December 2011 - The Checklist has been used to assess the draft Growth Corridor Plans and Precinct Structure Plans prepared by the Growth Areas Authority in November/December 2011. These plans will guide development of new suburbs for the next generation - its critical we get the planning and design correct so that people, especially children, have a choice about how they get to school and other destinations.
The assessments of the Precinct Structure Plans shows:
- Poor access to schools, community centres and local town centres due to inappropriate provision for bikes on connector streets where most of these are located. The current default design for connector streets only provides painted on-road bike lanes next to motor vehicles. This is old thinking: on-road bike lanes on busy roads suit mostly confident adult riders but the majority of people, including children and family groups, need paths separated from busy traffic if they are going to ride along these roads.
- Potential conflict with buses. On-road bike lanes are proposed for many streets designated as bus routes. This brings bike and buses into potential conflict, especially with buses loading and unloading passengers. Off-road bike paths are more appropriate as bicycles can run behind stops and high frequency bus services will not be hindered in their operation. Many designated bus routes are on collector streets (see above) which strengthens the case for off road paths on these streets.
- Generally good connectivity to open space and parks through off-road path along creeks and other green corridors.
- Poor access and connections into local town centres due to reliance on advisory lane markings on main streets where bikes would have to share traffic lanes with cars, buses and other vehicles.
- Lack of crossing points of major barriers such as freeways and railways which means some areas are isolated from adjoining areas.
The assessment of the Growth Corridor Plans shows:
- Bikes are not well incorporated into the transport system - bike routes are only shown in open space concept plans but not in the transport plans
- Bikes are excluded from some freight and on-road public transport routes which will deny bicycles access to many workplaces.
- Access to trains is poor in many areas due to missing paths along railway corridors. This also leads to lack of connectivity into some town centres.
June 2011 - The project has developed a draft Planning Checklist for Cycling which attempts to distil the current research and planning laws and guidelines for cycling into a series of step-by-step checklist items for planning and developing new suburbs. The Checklist aims to clarify the requirements for cycling in the complex planning process and give objective and achievable assessment criteria. At each level the checklist focuses on the three key areas which determine accessibility for people on bikes:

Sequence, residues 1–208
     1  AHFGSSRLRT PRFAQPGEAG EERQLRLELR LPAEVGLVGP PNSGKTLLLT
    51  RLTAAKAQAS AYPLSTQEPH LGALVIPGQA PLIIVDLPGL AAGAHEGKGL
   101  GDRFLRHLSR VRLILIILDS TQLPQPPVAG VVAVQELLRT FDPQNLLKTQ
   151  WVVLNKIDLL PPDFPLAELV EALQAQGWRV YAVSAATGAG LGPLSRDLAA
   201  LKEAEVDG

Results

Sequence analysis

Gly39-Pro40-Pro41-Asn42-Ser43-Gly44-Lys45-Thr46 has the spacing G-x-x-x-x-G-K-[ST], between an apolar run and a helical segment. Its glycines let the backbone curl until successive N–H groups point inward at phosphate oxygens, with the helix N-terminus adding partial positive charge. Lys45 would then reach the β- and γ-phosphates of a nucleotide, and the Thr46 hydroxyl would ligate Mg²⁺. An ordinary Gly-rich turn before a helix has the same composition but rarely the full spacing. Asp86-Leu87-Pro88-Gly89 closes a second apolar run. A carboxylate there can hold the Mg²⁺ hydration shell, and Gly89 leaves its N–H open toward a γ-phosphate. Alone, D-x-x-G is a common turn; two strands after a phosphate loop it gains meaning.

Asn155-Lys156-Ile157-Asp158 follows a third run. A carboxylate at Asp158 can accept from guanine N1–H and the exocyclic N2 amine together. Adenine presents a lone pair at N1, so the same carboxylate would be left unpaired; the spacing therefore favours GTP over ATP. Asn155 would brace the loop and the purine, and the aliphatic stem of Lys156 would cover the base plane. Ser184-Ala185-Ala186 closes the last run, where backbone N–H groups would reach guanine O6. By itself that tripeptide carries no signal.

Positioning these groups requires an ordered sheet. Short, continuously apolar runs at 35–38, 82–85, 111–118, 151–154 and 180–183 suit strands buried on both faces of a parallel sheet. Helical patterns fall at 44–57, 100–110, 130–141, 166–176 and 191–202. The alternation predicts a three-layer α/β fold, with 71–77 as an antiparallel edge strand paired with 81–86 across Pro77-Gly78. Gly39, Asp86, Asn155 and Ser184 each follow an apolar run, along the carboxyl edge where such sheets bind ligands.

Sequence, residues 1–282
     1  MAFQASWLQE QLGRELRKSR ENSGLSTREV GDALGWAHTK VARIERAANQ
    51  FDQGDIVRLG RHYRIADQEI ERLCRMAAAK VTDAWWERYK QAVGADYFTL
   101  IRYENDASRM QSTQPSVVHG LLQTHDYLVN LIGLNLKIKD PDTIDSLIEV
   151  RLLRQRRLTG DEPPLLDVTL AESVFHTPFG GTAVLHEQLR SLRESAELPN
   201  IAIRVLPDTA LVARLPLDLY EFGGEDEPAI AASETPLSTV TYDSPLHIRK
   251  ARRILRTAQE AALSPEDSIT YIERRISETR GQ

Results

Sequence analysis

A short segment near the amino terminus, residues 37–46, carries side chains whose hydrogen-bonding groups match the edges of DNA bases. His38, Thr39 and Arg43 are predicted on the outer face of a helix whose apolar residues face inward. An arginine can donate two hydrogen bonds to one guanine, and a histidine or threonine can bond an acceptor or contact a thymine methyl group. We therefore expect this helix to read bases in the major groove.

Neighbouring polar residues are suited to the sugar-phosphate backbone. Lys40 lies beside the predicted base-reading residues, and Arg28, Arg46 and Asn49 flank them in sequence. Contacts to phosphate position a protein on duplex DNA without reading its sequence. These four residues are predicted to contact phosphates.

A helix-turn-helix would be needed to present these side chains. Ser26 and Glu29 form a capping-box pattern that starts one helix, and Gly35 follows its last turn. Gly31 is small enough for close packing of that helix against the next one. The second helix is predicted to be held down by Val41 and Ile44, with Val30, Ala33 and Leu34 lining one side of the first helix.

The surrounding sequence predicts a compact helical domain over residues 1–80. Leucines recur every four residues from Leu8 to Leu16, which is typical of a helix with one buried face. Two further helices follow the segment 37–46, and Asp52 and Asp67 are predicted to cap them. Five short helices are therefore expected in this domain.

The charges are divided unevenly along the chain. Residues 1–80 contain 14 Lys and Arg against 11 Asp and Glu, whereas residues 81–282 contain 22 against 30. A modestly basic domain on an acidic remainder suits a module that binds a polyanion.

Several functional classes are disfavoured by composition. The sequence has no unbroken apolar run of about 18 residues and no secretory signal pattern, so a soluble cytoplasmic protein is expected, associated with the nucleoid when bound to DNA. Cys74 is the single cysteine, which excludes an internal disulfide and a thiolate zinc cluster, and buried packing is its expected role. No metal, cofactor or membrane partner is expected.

- Connections – can people ride to their destination and to the surrounding areas?
- Permeability (both Directness and Choice of route) – are people able to easily get to their destination? Do they have a choice of route?
- Quality/Appropriateness - does the design of the cycle routes suit the potential riders and their purpose?
The checklist is designed to be used sequentially, in three stages, from GAFP level to PSP Level to Planning Permit level. The outcomes of subsequent more detailed and smaller scale levels rely upon the preceding levels. For instance, local cycle and walking connections to local activity centres rely upon a wider regional cycle and walking network. The PSP and Planning Permit level checklists can be used separately but recognize that much depends on the preceding level.
The checklist facilitates a quick and clear assessment of whether the proposed development meets the critical requirements for cycling. If the development meets all the checklist item requirements then cycling will be an attractive travel choice for destinations within cycling distance. See checklist summary at rear of document for summary sheets.
Healthy New Suburbs in Urban Growth Zones is a three year project funded by VicHealth to trial how to increase cycling in developing outer suburban areas.
The project aims to understand and communicate the key factors which ensure walking and cycling facilities and practices are embedded into the planning, delivery and usage of new suburbs. It aims to leave a best practice legacy for the development of healthy new suburbs in the hands of the key players; developers, councils and community.
Successful "interventions" will require a focus on people, places and purpose - which people to target, which trips to which places and for what purpose. An initial review of transport data for Whittlesea and other outer Melbourne suburbs will inform which "interventions" to trial. An introductory presentation (3.7Mb) on the project shows some of the development trends and travel data relevant to the project. Our presentation to Whittlesea Council on how to integrate the Planning Checklist into planning practice gives some examples from existing PSPs and permit applications. See also the links at right.
Planning Checklist for Cycling
The Planning Checklist for Cycling and Practice Note can be used to help build healthy new suburbs where everyone can ride their bikes as part of their everyday life.
Planning Checklist for Cycling trial
Help us test the Planning Checklist for Cycling online for your chance to win a ticket to the 2012 Bike Futures Conference.